Stella Koch Ocker, a doctoral student in astronomy at Cornell University, discovered the sound in the data from the Voyager's Plasma Wave System (PWS), which measures electron density. Ocker called the drone coming from plasma shock waves "very faint and monotone," likely due to the narrow bandwidth of its frequency.
While they think the persistent background hum may be coming from interstellar gas, the researchers don't yet know what exactly is causing it. It might be produced by "thermally excited plasma oscillations and quasi-thermal noise."
The new paper from Ocker and her colleagues at Cornell University and the University of Iowa, published in Nature Astronomy, also proposes that this is not the last we'll hear of the strange noise. The scientists write that "the emission's persistence suggests that Voyager 1 may be able to continue tracking the interstellar plasma density in the absence of shock-generated plasma oscillation events."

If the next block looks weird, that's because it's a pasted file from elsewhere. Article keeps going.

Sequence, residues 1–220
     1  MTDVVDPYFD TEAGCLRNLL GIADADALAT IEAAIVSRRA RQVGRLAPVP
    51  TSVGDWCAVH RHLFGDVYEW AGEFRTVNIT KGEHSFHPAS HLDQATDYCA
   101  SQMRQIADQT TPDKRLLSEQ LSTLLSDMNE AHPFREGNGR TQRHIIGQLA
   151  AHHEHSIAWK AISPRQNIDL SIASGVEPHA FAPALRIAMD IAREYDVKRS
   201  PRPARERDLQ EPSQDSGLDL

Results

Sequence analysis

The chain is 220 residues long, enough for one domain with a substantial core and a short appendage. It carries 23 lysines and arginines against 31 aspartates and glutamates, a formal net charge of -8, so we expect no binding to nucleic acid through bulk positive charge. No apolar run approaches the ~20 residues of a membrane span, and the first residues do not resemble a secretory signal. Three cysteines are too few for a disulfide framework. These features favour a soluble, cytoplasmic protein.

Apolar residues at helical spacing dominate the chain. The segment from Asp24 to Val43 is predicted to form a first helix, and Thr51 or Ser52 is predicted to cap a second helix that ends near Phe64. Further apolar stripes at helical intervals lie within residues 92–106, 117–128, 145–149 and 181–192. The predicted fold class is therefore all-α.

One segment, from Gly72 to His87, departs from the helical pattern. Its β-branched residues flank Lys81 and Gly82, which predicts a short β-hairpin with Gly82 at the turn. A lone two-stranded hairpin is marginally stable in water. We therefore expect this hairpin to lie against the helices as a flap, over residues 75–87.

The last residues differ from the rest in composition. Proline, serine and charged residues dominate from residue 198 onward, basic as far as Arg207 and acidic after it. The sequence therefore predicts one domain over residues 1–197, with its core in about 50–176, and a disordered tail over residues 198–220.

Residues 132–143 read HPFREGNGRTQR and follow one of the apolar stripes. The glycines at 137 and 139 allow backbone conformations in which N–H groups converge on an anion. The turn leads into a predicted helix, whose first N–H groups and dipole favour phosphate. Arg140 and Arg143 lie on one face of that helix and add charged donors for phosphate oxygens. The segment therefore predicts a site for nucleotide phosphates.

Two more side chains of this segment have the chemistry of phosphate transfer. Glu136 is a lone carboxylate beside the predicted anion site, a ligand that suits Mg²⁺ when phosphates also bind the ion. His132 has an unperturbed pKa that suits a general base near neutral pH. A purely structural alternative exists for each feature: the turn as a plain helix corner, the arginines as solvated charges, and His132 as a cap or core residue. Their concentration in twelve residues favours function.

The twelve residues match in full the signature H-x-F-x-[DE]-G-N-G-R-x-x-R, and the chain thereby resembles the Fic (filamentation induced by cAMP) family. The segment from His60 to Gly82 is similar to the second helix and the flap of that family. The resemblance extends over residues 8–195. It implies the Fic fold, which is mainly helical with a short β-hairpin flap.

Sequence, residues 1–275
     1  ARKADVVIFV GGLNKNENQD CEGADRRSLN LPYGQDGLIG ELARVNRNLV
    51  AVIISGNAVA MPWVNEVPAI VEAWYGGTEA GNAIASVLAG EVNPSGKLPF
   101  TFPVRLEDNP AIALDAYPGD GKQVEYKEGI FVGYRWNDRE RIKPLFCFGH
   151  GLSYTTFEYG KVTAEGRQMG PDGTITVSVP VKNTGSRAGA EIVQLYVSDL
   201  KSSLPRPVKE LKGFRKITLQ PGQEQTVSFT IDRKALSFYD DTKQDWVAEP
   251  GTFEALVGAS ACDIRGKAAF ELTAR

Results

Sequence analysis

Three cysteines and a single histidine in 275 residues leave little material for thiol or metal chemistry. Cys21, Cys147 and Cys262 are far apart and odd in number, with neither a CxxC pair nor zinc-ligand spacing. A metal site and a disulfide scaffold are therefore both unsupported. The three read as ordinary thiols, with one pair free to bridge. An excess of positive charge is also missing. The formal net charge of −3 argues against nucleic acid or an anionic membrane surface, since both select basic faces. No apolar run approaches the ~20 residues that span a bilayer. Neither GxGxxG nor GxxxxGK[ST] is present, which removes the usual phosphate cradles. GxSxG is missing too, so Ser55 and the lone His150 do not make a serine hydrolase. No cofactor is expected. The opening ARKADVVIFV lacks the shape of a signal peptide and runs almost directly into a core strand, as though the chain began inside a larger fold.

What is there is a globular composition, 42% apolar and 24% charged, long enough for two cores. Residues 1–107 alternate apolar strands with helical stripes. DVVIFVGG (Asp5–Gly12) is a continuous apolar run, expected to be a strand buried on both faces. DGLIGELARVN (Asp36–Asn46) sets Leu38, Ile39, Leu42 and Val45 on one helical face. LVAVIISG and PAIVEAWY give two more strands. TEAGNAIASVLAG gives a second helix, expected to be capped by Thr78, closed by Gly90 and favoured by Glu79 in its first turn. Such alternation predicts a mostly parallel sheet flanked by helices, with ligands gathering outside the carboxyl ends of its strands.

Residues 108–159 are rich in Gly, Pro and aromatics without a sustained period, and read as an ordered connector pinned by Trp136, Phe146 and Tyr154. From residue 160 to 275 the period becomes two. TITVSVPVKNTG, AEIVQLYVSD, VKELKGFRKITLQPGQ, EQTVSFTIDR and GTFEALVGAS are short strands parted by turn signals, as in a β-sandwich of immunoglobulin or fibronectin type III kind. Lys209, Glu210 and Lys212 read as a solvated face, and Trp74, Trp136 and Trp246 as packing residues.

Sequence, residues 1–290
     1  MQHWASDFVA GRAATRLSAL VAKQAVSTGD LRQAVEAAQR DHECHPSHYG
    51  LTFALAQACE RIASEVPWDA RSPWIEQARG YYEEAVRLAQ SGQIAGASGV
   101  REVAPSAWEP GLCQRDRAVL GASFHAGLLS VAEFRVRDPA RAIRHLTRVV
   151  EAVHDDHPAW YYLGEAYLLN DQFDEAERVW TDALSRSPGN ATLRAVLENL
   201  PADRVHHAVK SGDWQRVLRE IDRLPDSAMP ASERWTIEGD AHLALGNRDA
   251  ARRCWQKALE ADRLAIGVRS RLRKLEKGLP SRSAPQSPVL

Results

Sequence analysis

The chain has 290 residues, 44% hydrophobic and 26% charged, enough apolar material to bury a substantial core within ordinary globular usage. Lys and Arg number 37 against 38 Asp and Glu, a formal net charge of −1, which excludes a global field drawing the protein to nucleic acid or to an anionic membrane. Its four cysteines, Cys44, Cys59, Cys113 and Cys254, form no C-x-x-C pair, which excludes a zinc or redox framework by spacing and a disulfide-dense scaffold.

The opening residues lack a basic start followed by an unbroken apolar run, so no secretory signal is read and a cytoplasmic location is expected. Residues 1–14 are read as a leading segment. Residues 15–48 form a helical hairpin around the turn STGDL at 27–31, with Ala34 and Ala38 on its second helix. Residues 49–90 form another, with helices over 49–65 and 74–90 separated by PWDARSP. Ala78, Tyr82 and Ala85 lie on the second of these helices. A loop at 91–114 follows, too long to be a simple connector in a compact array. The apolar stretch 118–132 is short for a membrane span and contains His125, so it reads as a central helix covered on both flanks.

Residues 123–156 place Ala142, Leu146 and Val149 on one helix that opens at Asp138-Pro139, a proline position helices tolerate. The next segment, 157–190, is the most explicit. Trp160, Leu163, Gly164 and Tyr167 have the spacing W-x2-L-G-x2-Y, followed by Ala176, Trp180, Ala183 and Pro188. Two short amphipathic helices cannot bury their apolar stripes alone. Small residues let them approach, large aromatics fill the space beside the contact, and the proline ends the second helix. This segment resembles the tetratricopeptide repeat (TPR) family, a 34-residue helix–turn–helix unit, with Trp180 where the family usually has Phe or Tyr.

Voyager Captures Sounds of Interstellar Space www.youtube.com
The researchers think the droning sound may hold clues to how interstellar space and the heliopause, which can be thought of as the solar's system border, may be affecting each other. When it first entered interstellar space, the PWS instrument reported disturbances in the gas caused by the sun. But in between such eruptions is where the researchers spotted the steady signature made by the near-vacuum.
Senior author James Cordes, a professor of astronomy at Cornell, compared the interstellar medium to "a quiet or gentle rain," adding that "in the case of a solar outburst, it's like detecting a lightning burst in a thunderstorm and then it's back to a gentle rain."
More data from Voyager over the next few years may hold crucial information to the origins of the hum. The findings are already remarkable considering the space probe is functioning on technology from the mid-1970s. The craft has about 70 kilobytes of computer memory. It also carries a Golden Record created by a committee chaired by the late Carl Sagan, who taught at Cornell University. The 12-inch gold-plated copper disk record is essentially a time capsule, meant to tell the story of Earthlings to extraterrestrials. It contains sounds and images that showcase the diversity of Earth's life and culture.